The US Supreme Court, on its part, ruled that these arguments were unjustified, that the so-called scientific evidence on the dangers of race-mixing were too flimsy to justify the criminalization of interracial marriages. The court decided that marriage was an individual right and a matter of personal choice.

Comparison
Anti-miscegenation statutes had played a key role in a racial classification system. These two cases (above) played a significant role towards undoing anti-miscegenation laws. However, the court did this without necessarily deconstructing that racial system, and carefully focused on and disapproved the so-called scientific basis for such a system.

In the end, these cases, in their own ways, were a significant influence on Brown v. Board of Education, 347 U.S. 483 (1954) and the Fourteenth Amendment. They provided a crucial basis for the consideration of race-based discrimination in not only marriage, but also other areas, such as education. These cases had covered issues of due process, which were addressed more conspicuously in Brown v. Board of Education and the Fourteenth Amendment. The latter had meant to strengthen the legal rights of blacks, declaring that they would be treated equally and that they had a right to due process of law. Brown v. Board of Education (1954, 1955) refers to a series of five Supreme Court cases concerning issues of segregation in public schools, and the cases cited above provided vital basis for their judgment (Patterson, 2001; United States Courts, 2003).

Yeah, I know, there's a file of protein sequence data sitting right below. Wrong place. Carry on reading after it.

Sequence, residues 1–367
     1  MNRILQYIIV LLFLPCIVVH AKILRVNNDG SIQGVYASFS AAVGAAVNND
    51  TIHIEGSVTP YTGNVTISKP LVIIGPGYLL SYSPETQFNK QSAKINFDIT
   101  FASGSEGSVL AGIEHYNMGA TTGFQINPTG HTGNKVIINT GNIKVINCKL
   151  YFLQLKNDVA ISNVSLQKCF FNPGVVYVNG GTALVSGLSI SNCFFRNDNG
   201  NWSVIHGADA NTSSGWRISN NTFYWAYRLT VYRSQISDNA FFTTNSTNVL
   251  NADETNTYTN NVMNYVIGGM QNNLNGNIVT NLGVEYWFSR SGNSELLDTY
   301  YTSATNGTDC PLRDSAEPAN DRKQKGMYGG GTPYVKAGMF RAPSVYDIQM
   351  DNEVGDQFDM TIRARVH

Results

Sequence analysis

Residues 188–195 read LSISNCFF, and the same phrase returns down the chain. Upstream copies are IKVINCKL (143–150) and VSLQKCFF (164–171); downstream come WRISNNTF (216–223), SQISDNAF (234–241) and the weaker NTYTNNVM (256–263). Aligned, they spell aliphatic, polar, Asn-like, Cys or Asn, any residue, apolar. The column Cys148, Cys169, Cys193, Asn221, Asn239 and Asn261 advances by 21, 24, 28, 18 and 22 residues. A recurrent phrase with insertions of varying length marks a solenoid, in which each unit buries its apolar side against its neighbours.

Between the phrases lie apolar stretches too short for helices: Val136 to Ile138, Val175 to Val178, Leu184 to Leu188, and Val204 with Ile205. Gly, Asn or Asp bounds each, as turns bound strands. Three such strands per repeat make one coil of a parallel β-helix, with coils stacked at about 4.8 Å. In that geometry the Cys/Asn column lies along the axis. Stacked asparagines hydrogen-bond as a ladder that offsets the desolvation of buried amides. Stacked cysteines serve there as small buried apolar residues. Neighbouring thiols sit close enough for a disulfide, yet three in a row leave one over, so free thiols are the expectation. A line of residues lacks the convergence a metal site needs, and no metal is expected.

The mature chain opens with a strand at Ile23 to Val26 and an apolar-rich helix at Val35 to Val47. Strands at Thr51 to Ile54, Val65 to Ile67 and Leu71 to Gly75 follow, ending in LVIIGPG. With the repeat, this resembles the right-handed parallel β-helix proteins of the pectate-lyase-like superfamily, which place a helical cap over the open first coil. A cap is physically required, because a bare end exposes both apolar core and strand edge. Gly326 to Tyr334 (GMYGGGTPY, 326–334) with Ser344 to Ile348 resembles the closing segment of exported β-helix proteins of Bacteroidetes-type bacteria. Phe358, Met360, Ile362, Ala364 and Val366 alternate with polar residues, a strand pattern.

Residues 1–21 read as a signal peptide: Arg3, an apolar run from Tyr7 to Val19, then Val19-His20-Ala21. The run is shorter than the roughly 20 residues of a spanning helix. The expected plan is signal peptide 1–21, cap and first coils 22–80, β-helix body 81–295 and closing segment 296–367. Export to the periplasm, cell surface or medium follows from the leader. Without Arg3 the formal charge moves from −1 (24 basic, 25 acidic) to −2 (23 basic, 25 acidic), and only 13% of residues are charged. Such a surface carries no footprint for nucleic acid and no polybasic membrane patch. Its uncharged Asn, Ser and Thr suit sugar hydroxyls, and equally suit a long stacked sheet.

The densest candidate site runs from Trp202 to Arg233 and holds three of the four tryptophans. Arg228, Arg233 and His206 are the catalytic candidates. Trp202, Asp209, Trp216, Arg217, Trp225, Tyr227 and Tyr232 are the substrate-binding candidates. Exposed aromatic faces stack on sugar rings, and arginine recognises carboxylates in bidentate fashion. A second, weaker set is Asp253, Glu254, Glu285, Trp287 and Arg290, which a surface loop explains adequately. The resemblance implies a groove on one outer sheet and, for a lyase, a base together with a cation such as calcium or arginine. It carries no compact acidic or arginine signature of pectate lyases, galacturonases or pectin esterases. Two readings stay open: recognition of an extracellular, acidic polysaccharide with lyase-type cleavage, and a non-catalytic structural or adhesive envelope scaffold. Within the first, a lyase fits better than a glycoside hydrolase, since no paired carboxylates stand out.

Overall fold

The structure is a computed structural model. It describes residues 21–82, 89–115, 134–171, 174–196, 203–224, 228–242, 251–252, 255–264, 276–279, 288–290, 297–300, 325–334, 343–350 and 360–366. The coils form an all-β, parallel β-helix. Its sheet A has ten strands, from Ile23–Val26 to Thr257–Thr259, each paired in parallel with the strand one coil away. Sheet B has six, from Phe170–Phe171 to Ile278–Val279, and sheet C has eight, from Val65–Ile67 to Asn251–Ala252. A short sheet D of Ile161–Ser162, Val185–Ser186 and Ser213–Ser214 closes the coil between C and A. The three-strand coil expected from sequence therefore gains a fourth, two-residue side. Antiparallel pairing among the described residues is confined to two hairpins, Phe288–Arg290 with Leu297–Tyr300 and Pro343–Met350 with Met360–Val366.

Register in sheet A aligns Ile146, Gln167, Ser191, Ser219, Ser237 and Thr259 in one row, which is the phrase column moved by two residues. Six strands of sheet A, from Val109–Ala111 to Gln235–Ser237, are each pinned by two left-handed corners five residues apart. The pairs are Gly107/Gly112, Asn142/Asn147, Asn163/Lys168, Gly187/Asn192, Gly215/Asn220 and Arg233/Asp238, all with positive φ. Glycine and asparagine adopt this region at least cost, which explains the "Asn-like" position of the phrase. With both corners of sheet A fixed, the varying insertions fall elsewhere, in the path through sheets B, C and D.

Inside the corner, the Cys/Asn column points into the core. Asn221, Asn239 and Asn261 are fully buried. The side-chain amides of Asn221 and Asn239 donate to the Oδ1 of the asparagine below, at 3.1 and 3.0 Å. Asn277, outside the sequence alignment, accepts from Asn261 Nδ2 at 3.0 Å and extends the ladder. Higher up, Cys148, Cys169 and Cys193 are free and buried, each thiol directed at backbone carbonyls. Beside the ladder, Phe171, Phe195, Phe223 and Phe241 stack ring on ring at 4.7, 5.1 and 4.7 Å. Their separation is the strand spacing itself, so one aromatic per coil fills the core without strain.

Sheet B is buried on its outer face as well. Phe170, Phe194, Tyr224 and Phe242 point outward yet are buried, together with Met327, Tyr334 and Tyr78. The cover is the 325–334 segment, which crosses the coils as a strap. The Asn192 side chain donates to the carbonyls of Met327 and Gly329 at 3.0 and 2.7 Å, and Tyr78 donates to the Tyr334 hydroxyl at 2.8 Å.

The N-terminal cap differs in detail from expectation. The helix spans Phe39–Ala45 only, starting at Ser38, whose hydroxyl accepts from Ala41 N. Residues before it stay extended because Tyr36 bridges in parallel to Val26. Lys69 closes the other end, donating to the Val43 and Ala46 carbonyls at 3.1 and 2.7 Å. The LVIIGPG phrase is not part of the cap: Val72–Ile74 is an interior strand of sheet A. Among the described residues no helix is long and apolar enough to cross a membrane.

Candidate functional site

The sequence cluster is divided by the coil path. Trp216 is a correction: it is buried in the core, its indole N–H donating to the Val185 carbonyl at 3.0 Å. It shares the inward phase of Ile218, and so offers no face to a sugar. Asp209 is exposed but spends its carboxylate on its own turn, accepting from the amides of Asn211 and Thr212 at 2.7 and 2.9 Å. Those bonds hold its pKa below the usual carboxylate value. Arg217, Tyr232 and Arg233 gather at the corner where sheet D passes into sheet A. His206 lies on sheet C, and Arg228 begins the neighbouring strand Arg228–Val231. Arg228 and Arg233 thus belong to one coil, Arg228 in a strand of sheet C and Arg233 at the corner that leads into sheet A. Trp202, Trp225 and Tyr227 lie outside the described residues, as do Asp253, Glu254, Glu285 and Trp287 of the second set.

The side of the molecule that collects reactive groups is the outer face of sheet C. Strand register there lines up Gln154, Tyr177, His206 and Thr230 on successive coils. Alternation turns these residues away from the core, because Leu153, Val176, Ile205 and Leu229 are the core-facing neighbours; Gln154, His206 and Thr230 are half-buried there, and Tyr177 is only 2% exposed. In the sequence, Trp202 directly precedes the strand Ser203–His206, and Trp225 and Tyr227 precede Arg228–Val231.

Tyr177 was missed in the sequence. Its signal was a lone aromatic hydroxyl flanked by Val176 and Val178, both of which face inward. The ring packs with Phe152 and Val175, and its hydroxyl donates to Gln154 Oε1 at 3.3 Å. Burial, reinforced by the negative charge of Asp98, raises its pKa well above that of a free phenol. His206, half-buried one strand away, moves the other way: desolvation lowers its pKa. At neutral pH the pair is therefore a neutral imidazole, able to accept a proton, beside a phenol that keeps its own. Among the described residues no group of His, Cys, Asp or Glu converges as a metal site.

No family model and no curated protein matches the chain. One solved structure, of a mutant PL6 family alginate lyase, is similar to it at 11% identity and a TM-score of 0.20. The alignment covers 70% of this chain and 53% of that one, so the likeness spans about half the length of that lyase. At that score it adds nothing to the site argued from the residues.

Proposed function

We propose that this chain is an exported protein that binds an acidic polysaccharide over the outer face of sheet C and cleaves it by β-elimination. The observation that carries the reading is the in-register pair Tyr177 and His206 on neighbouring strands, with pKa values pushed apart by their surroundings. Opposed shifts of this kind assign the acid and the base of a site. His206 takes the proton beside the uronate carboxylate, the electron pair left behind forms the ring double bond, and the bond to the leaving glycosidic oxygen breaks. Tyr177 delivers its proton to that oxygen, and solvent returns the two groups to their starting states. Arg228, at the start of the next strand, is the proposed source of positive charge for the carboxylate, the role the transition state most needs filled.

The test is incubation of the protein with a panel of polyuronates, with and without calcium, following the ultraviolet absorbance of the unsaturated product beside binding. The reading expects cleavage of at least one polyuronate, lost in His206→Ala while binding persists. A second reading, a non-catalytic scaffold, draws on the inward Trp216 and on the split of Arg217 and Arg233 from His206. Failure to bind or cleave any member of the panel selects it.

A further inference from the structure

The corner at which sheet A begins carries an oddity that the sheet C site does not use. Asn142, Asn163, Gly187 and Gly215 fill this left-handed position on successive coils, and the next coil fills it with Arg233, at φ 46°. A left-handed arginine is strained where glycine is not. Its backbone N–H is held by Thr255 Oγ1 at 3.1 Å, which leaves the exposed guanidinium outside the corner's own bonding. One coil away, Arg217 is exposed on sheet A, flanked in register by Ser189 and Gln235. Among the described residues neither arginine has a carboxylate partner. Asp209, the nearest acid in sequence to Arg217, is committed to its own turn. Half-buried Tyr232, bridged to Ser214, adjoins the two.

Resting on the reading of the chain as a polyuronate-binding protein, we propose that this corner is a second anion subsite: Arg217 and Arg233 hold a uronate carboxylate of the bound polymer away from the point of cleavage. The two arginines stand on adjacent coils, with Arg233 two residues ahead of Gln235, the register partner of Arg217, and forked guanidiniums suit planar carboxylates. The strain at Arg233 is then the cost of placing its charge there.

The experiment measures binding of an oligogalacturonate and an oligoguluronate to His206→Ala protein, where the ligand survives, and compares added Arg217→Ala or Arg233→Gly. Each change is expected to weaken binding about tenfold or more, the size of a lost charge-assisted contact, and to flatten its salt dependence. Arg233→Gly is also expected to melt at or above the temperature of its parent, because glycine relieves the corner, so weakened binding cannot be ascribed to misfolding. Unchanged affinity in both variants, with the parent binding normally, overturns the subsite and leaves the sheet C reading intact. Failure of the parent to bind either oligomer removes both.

References
  • Moran, R.F. (2004). Love with a proper stranger: what anti-miscegenation laws can tell us about the meaning of race, sex, and marriage, 1663-1679. Hofstra Law Review
  • Patterson, J.T. (2001). Brown v. Board of Education: a civil rights milestone and its troubled legacy. New York: Oxford University Press
  • United States Courts (2003). History- Brown v. Board of Education re-enactment. Retrieved 05 February 2015, http://www.uscourts.gov/educational-resources/educational-activities/history-brown-v-board-education-re-enactment